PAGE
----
Difference between a Radiation Protection Adviser (RPA) and a Radioactive Waste Adviser (RWA)?

Radiation Protection Adviser (RPA) must not be confused with the role of the Radioactive Waste Adviser (RWA). Confusion may arise since the RPA had provided the role of an RWA, all but in name, prior to 2012. In fact, in many cases, your appointed RPA continues to do exactly what they did before (with respect to radioactive substances and waste disposal), but they will do this whilst wearing their specific ‘RWA’ hat. In addition, the Radioactive Waste Adviser should be appointed in writing – in most cases this can be added to the traditional RPA appointment letter (unless the roles of RPA and RWA are undertaken by different individuals).

Radiation Protection Adviser (RPA)

The Radiation Protection Adviser is a requirement of the Ionising Radiations Regulations 2017 (IRR17) which deals with the safe and compliant use of all sources of ionising radiation (sealed and unsealed radioactive sources and all forms of electrically generated ionising radiation). These regulations deal with employee and public safety, and this is primarily what the RPA provides advice on.

For users who work with radioactive sources (either sealed or unsealed) or radioactive waste, there is a requirement for having permits in place. These permits contain a number of conditions that the user must comply with. Traditionally the RPA has provided advice on compliance, and early permits (and the former Registrations and Authorisations) made reference to consulting an RPA or other suitable persons (Qualified Expert). At the EU level, there was never any distinction between an RPA or RWA – only the term Qualified Expert is recognised.

With the recent changes to radioactive legislation such as the Environmental Permitting (England and Wales) Regulations 2016 in England / Wales, and the Environmental Authorisations (Scotland) Regulations 2018, the role of the Radioactive Waste Adviser (RWA) has been formally adopted. An RPA can only act as an RWA if they have approval from the UK Environmental Agencies.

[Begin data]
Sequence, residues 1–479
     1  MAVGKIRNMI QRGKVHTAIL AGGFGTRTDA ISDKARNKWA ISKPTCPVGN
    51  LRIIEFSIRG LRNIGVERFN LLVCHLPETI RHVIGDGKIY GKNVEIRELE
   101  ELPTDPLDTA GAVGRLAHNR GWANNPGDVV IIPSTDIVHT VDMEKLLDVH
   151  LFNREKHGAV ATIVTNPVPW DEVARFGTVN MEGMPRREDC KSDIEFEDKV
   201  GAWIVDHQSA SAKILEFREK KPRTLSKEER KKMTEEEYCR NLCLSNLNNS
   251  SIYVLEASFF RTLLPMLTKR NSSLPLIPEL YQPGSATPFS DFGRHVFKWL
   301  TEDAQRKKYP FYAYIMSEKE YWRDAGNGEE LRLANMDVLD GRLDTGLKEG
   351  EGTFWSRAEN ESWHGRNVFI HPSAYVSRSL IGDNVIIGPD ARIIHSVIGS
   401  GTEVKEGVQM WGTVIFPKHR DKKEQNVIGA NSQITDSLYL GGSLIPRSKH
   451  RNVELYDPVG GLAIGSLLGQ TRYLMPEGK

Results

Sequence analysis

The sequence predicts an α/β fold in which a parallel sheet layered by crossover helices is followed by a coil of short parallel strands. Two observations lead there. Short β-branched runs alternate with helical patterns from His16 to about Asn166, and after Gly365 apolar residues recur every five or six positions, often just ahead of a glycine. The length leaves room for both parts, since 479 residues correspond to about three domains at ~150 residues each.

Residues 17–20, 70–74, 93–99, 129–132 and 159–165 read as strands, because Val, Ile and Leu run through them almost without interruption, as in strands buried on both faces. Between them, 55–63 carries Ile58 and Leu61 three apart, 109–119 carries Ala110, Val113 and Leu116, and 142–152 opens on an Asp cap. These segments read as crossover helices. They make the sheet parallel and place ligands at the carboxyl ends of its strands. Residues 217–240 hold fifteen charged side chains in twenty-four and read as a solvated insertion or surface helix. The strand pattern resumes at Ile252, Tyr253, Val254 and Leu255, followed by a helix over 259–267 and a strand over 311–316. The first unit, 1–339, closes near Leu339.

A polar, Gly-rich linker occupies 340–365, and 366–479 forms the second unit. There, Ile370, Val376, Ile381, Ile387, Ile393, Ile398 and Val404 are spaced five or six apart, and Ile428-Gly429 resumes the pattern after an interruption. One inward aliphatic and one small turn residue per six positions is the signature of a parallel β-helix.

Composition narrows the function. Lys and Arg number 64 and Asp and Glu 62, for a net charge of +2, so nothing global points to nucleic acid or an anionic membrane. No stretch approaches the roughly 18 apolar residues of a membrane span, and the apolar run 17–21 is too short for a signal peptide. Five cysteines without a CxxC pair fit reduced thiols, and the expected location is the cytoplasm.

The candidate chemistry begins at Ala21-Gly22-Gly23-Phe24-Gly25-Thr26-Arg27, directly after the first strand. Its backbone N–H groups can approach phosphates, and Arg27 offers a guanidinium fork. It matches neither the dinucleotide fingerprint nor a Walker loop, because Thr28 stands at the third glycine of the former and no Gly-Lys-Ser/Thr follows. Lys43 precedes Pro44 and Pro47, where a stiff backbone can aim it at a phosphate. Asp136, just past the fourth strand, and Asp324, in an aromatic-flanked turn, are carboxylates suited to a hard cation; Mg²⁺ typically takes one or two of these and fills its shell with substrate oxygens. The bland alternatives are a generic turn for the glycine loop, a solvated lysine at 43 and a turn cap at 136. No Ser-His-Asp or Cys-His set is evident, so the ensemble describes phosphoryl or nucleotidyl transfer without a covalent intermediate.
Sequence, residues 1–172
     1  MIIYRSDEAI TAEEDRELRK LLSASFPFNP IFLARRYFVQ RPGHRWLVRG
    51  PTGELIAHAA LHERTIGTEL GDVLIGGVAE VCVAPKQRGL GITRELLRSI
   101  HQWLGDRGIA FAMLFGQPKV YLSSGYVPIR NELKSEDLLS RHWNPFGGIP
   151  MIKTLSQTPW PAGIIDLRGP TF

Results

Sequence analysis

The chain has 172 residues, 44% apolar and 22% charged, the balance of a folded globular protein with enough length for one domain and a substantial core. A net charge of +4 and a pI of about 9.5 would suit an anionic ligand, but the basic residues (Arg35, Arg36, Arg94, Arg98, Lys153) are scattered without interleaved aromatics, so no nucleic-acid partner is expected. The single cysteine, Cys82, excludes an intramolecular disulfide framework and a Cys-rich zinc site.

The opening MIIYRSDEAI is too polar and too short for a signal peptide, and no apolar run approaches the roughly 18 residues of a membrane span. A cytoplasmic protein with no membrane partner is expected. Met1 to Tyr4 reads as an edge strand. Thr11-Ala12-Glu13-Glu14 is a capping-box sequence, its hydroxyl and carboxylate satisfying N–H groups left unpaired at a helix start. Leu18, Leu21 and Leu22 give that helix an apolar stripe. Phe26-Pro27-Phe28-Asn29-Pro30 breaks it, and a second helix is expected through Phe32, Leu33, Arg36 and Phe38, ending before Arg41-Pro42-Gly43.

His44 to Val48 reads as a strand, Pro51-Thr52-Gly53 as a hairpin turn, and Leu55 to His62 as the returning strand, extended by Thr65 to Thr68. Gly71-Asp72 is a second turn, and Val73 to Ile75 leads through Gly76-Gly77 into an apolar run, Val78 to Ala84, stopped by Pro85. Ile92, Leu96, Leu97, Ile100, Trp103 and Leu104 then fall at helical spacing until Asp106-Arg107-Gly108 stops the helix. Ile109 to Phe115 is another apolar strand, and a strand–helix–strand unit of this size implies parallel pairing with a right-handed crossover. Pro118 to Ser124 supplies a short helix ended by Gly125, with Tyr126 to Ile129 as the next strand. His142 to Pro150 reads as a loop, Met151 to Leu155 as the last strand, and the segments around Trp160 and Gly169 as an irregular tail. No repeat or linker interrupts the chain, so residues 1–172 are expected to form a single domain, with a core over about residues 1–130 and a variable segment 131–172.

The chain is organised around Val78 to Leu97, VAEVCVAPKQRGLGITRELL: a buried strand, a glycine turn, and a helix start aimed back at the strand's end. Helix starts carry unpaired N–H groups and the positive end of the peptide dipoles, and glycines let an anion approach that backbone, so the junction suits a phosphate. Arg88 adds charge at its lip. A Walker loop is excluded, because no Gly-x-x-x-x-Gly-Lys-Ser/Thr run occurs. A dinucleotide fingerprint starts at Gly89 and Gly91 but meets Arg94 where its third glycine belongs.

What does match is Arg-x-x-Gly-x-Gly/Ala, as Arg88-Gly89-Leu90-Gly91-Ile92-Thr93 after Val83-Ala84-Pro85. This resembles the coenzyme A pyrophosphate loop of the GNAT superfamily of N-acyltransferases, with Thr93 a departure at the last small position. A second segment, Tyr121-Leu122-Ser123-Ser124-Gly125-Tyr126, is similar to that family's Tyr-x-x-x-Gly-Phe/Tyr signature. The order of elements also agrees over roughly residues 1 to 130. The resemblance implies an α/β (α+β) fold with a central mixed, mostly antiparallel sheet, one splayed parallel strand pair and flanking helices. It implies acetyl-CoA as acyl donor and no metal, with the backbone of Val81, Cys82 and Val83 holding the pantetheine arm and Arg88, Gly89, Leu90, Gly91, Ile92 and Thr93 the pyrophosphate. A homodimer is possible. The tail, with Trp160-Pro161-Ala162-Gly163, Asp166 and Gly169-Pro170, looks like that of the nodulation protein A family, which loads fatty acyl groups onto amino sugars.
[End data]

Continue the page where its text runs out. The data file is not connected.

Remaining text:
Radioactive Waste Adviser (RWA)

A Radioactive Waste Adviser (RWA) is a specialist in radioactive waste accumulation disposal, and environmental radiation protection. Through certification, they have demonstrated competence against an RWA syllabus which has been developed by the UK Environmental Agencies.

All users of radioactive material which leads to the potential or actual accumulation or dispose of radioactive waste need to appoint an RWA. Except in rare cases (i.e. where out-of-scope or exemption criteria applies), if you have a permit issued under the Environmental Permitting (England and Wales) Regulations 2016 or an Authorisation issued under the Environmental Authorisations (Scotland) Regulations 2018, then you must have an RWA in place, and appointed in writing.

Before appointing a RWA you should ensure that they are certificated to act as such. This is similar to ensuring that you check the RPA is competent to act in the role (e.g. via a RPA 2000 certificate). In both cases the certification only proves competence – the user / employer is responsible for ensuring that the RPA / RWA is suitable for a specific case.

Mandatory consultation of the RWA

The following matters are the subject of mandatory consultation with a RWA.

  • Achieving and maintaining an optimal level of protection of the environment and the population.
  • Checking the effectiveness of technical devices for protecting the environment and the population.
  • Accepting into service, from the point of view of surveillance of radiation protection, of equipment and procedures for measuring and assessing, as appropriate, exposure and radioactive contamination of the environment and the population.
  • Undertaking regular calibration of measuring instruments and regular checking that they are serviceable and correctly used;
  • Understanding the limitations of the advice that they are able to give and be able to recognise when further specialist advice is needed

In addition to the above, advice may be required on any aspect for compliance with environmental permits (inc registrations / authorisations etc). Furthermore, specific permits may required mandatory consultation on specific permit conditions.

Two things are infinite: the universe and human stupidity; and I'm not sure about the universe

– Albert Einstein -